Archive for July 9th, 2010


Phantom Organists

A leisurely breakfast, for a change, gave me the chance to read an entire newspaper at the start of the day. I even got to the “Five Things To Do Today”, which I usually notice, if at all, round about 10pm the following evening. No.1 was “attend a free lunchtime solo organ recital” and, as I had over three hours in which to get to the venue mentioned, I suddenly realised the value of taking time in the morning to read the paper. I wasn’t the only avid newspaper reader that day, by the look of things. There must have been a hundred or so folk (mostly, it has to be said, rather younger in years than one expects to find buried in the inner pages of a broadsheet) in attendance; mind you, there were probably plenty of other adverts for the recital – it’s just that I never got round to seeing any of them. I’m afraid I’m like so many people; I wait for concerts to come to me rather than go out and actively search for them.

Anyway, at 1pm we were duly seated and out on to the stage appeared not one, but two figures in black who made their way to the lonely console set up centre stage. I won’t tell you where the recital was – it doesn’t matter – and I won’t tell you who the recitalist was, simply because I’m not so sure myself. As I say, there were two, one who sat down on the stool and the other who danced energetically and distractingly behind, pulling out and pushing in stops, staring at the other for some sign of instruction and, every so often, turning a page backwards or forwards. When this continued even during a short piece for pedal solo, at which point Sedentary Organist merely kept arms out of the way while Athletic Organist carried on pulling out and pushing stops with gay abandon, a person behind me muttered to her friend, “Why are there two of them ?” Why indeed?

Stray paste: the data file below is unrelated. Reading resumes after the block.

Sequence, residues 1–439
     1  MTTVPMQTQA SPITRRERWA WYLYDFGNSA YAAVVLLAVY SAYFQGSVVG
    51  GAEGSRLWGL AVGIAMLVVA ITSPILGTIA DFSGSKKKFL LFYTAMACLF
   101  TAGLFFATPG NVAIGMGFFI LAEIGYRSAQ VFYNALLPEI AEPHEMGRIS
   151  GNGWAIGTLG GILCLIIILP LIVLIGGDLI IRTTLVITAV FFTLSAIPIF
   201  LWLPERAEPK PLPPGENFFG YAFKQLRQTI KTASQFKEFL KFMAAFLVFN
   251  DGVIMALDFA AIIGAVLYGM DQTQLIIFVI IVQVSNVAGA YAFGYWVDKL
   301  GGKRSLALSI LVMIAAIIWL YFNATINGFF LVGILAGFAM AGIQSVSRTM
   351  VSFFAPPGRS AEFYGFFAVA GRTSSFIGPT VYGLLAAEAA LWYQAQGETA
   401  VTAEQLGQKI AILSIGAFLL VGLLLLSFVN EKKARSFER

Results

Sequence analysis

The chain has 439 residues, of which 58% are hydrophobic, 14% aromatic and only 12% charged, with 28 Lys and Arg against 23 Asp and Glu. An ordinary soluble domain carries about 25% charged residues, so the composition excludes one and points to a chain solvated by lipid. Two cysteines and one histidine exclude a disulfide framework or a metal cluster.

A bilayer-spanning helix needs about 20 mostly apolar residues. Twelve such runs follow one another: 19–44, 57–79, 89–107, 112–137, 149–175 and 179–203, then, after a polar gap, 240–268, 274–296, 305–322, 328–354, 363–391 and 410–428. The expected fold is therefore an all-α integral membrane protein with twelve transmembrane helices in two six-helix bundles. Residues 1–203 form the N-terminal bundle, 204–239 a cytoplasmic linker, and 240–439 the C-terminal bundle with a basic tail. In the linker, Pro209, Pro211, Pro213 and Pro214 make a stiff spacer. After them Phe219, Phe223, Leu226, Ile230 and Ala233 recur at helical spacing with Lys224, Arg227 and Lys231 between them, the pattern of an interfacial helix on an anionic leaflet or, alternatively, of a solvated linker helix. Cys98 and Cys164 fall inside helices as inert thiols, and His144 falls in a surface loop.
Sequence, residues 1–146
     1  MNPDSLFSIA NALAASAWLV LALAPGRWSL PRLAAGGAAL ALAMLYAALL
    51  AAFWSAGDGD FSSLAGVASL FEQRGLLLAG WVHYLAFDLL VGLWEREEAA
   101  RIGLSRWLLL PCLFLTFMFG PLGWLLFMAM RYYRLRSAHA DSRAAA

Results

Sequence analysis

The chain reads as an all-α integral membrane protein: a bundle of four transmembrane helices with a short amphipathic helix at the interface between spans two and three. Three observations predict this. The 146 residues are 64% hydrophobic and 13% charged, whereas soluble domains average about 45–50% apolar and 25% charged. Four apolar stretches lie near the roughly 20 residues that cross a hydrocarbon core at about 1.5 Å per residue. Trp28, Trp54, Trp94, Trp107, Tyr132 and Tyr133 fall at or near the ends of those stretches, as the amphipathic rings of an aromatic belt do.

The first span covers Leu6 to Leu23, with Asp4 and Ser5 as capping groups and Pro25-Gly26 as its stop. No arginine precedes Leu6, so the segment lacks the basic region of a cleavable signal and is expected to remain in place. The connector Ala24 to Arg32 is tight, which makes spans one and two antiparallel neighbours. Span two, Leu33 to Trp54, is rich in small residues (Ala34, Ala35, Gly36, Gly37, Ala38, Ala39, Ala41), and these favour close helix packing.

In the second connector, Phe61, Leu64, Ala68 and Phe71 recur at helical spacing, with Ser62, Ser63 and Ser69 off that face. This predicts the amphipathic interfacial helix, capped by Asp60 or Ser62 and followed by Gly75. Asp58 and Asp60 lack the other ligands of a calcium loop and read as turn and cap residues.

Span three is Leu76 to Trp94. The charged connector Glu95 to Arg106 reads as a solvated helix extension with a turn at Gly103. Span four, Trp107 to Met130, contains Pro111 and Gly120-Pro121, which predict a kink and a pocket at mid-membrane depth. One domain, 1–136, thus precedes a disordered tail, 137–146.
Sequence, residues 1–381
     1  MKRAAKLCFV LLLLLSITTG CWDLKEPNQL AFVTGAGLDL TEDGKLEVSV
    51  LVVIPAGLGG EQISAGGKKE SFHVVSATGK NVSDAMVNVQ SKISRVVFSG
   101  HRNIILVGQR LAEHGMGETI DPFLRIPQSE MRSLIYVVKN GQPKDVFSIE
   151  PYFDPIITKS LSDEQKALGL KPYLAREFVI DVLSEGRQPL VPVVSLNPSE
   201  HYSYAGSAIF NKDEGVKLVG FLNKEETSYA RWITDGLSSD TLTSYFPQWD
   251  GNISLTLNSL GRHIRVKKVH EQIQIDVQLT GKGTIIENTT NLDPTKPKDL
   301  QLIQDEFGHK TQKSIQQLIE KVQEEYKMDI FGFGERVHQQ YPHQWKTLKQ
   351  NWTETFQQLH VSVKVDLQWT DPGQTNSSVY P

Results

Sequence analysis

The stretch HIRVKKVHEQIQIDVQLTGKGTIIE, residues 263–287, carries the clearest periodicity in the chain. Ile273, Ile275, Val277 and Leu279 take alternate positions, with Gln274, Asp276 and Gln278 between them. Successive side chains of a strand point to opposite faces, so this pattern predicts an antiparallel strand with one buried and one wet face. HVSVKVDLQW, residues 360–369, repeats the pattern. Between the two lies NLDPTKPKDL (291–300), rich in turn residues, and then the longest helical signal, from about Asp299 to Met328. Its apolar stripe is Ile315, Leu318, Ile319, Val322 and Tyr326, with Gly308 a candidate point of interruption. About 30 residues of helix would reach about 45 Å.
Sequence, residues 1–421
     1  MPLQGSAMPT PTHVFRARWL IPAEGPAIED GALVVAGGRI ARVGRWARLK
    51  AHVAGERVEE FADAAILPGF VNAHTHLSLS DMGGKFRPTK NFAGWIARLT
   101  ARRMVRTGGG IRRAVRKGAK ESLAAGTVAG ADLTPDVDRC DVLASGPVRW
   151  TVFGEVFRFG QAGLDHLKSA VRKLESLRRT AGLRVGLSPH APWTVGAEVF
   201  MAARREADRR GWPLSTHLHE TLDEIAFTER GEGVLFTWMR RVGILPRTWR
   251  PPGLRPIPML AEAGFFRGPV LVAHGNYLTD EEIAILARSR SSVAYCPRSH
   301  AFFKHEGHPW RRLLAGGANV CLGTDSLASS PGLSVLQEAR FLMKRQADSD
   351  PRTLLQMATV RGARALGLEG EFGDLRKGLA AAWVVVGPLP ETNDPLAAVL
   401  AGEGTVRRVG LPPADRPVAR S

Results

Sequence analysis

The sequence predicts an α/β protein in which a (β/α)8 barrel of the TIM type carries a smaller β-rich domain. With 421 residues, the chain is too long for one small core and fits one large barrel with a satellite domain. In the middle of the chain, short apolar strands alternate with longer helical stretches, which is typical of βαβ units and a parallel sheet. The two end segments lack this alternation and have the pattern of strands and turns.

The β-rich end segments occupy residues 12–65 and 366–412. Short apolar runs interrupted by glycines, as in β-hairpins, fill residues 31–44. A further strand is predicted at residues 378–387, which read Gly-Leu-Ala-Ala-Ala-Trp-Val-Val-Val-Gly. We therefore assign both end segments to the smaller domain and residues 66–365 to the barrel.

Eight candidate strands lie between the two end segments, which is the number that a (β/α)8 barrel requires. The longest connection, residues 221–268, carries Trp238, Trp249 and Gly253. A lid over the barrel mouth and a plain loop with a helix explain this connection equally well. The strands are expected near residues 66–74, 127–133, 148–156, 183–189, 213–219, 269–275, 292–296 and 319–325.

So far as I am concerned, when you play a musical instrument – be it the piano, the violin or the organ – you do everything. You play the notes, you adjust the volume, you control the tone and you try to communicate your interpretation of the composer’s intentions to your audience. Yes, sometimes, complex music requires you to use the music and, occasionally, call on the services of a person to turn the pages for you. But otherwise it’s just you and your instrument.

But there’s a school of organists who feel that their job is merely to press the notes up and down, and it’s somebody else’s business to do things like control dynamics and tone colour; when you allow that, you are no longer in sole charge of either your instrument or your interpretation. No wonder that musicians often denigrate organists, believing them to be mechanics rather than musicians. If you believe your job is purely to operate the mechanics of the music, how can you compete with someone who gives you the whole package? I’ve even seen three organists on stage; one to turn the pages, one to operate the stops, and one to play the notes. What kind of musical performance is that? It reeks of Yellow River Concerto – music by committee. And there is a growing tendency for organists on CD to mention their “Registrant”, thereby acknowledging that the performance you hear is not the work of a single performer. Pianists don’t get someone else to operate the pedals; violinists don’t get someone to move the bow across the strings while they devote their energies to wiggling their left hand fingers about, so why do organist believe themselves to be exempt from the decencies of musical performance?